Shooting Alligators and Reloading Ammo — the Other New Orleans

I love living in New Orleans. I was born here, and although I have travelled a lot with my job I am always happiest when I am at home. There is something in the air here that I have not been able to find anywhere else in the world.

Lately I have been working too much. I work really long hours at the office and I often bring my work home with me as well. It feels like I am always working and it has taken its toll. I need to take some time off. That is why my two buddies and I have hired a local guide this weekend to explore the swamps. We are going to go alligator hunting. Although we didn’t need them, we brought our guns and plenty of ammo just in case.

I grew up playing in the swamps but I have never killed an alligator. I saw quite a few when I was a kid but I always managed to stay out of their way. I saw one go after a neighbor’s dog once though and I was in awe of the speed they possess on land. Luckily the dog was just a bit faster and he got away.

As we set out on our airboat into the swamps of New Orleans I felt like I had been transported back in time. After we had gone five minutes from the dock all I saw were Cypress trees, birds, turtles, fish jumping and alligators. Oh, and a lot of voracious insects but luckily I had worn bug spray.

The airboat was pretty loud which made talking impossible. We all sat in silence for the first half an hour and watched the sights flash by. When we got to the area we were going to be fishing in the guide killed the engine and we drifted along in silence for a bit.

A huge alligator popped his head up out of the water and drifted beside us for a minute or two. He was huge, at least sixteen feet long. He did one quick roll in the water and with a flick of his tail he went under and we never saw him again.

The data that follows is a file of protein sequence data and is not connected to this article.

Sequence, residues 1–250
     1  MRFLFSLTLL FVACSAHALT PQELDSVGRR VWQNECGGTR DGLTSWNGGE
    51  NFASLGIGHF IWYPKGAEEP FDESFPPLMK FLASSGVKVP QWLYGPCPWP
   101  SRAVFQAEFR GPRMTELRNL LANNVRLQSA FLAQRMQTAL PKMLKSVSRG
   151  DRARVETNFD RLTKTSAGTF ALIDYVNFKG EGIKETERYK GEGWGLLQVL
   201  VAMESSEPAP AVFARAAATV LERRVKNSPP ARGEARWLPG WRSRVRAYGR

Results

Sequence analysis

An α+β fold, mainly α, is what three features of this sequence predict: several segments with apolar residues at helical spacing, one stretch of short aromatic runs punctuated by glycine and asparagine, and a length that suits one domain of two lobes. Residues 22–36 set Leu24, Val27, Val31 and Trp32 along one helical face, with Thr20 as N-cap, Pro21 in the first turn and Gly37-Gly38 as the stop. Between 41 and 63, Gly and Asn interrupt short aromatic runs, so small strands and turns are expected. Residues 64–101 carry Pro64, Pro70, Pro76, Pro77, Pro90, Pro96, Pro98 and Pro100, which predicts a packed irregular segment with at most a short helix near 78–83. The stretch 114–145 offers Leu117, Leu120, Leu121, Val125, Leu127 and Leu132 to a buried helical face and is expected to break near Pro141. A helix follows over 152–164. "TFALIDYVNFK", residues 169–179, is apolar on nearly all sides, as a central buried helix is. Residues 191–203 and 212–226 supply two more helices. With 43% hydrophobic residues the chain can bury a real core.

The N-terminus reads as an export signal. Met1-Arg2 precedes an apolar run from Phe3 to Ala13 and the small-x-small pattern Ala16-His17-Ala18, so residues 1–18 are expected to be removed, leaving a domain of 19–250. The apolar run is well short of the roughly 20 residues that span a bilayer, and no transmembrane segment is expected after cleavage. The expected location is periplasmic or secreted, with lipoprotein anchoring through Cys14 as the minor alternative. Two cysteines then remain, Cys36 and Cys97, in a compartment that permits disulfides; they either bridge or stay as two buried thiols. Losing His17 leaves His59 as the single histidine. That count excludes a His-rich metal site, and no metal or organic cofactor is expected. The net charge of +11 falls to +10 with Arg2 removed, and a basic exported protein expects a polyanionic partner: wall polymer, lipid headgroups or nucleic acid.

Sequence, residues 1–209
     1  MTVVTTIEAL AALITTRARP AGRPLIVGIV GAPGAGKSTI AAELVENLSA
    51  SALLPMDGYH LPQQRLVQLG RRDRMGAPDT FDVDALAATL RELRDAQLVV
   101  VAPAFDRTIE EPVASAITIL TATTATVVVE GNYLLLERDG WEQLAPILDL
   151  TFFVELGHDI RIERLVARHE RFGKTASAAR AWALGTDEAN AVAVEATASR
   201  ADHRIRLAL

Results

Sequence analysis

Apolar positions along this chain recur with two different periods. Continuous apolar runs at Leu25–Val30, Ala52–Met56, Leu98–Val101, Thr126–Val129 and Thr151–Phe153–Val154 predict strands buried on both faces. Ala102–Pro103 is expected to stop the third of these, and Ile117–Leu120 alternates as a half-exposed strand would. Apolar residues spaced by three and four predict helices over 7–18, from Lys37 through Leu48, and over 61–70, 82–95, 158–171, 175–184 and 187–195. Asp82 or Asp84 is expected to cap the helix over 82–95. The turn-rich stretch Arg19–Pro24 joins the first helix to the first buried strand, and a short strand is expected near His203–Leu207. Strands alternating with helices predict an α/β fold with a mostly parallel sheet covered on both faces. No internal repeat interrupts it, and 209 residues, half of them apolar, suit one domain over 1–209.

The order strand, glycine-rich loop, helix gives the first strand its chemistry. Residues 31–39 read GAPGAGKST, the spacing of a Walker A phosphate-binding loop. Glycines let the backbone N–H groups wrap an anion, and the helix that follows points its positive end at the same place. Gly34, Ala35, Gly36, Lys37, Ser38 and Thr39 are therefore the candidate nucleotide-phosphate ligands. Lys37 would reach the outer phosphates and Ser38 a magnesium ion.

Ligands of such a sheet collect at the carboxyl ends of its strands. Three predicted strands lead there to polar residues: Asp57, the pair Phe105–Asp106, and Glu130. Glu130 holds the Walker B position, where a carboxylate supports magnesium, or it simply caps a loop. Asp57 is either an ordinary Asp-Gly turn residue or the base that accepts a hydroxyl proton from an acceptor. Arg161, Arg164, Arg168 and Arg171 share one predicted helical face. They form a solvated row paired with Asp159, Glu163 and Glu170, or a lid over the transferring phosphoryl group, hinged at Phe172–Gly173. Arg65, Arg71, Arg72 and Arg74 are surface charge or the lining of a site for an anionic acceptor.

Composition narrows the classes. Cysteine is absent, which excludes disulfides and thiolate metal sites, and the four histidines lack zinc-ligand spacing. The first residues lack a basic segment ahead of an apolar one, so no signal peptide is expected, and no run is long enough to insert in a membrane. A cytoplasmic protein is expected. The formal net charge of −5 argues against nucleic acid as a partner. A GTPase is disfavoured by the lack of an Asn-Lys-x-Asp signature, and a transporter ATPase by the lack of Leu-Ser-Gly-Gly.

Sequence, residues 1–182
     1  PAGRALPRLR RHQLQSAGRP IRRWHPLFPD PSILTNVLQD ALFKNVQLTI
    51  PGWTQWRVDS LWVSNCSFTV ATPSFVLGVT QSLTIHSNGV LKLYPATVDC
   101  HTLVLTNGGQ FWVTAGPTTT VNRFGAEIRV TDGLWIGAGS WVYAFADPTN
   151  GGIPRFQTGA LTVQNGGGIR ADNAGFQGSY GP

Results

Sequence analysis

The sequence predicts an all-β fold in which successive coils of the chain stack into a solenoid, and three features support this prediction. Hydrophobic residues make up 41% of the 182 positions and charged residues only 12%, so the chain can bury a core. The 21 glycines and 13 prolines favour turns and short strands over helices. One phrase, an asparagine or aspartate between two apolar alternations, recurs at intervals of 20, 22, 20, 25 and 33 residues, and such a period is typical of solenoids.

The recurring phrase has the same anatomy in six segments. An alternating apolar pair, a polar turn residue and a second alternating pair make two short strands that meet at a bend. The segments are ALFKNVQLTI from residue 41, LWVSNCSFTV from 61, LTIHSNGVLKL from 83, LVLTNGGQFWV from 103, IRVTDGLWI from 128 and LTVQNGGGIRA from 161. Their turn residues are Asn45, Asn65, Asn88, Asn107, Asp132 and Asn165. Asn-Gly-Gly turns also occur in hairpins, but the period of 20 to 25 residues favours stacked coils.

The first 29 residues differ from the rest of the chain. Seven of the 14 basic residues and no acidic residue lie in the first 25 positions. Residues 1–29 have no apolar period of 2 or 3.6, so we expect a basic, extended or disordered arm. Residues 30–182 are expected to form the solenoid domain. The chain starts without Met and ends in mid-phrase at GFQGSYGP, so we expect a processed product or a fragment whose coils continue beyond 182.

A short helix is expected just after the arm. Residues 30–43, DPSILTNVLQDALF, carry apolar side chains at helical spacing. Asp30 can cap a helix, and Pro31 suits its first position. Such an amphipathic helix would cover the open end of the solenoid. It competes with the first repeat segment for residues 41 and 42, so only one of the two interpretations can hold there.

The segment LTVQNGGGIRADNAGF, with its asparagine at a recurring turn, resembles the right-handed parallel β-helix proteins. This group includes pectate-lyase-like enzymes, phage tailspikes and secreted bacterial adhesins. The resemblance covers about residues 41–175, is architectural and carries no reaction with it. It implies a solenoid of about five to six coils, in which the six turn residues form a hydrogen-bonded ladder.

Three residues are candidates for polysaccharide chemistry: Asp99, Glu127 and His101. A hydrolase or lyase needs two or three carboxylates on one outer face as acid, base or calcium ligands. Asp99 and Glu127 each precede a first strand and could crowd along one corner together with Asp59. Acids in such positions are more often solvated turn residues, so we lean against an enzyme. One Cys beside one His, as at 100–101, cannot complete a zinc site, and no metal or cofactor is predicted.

We decided to set up our lines there in hopes that we would catch the big one. We caught our alligator about an hour later. He was only about twelve feet long but he was the first one that came upon the lines we had set out. It only took about half an hour for him to get hooked. I aimed my gun at the spot they told me would do the least damage to the hide and I took my shot. It was a good shot through and through and he barely struggled at all.

My friends and I have decided to split our trophy three ways. We will each take a portion of the meat, one of my friends wants the head for his games room, and I will split the hide with my other friend. I just might get a pair of boots made. They won’t go with my suit for the office but they will look great when I am drinking a beer on Bourbon Street. We returned home and laughed and drank beer and reloaded our weapons for our next outing.

While New Orleans has a lot of sophisticated places to see—like our beloved Twin Span Bridge—sometimes you just got to really go hillbilly.

The Attributes of Your Quintessential New Orleans Homes